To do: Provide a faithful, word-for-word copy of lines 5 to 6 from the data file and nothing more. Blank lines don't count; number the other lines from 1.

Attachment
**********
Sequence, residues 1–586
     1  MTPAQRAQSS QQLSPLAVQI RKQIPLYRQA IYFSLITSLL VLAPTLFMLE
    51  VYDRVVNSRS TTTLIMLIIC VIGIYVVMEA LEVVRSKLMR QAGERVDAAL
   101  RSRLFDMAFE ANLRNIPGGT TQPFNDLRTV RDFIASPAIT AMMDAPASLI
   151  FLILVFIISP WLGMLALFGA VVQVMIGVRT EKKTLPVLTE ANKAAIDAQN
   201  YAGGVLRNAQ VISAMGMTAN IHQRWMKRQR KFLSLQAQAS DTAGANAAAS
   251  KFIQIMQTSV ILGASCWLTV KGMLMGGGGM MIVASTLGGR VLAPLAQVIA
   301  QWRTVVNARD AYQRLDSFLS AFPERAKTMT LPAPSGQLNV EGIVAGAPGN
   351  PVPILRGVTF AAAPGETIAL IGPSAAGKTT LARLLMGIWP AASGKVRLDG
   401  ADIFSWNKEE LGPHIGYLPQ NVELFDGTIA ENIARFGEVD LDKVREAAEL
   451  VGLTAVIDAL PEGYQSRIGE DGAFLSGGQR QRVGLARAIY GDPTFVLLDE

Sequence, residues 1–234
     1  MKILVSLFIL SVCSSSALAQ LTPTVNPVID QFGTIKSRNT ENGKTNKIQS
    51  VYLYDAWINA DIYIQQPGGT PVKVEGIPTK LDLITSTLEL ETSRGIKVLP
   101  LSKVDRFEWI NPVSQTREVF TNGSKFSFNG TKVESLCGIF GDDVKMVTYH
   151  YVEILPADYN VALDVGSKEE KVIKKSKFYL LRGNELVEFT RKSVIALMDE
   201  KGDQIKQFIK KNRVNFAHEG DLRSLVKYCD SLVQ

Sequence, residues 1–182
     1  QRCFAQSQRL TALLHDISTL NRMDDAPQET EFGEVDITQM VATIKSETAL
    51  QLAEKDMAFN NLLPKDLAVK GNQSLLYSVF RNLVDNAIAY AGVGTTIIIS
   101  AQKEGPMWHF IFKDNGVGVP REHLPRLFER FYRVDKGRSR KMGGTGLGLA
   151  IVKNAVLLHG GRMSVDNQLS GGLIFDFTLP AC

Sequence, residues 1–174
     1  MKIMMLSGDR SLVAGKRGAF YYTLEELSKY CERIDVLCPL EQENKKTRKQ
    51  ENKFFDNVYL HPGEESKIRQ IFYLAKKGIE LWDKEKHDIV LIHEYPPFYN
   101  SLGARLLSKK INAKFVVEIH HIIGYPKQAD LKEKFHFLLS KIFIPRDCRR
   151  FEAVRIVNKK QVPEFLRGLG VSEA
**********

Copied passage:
   151  FLILVFIISP WLGMLALFGA VVQVMIGVRT EKKTLPVLTE ANKAAIDAQN
   201  YAGGVLRNAQ VISAMGMTAN IHQRWMKRQR KFLSLQAQAS DTAGANAAAS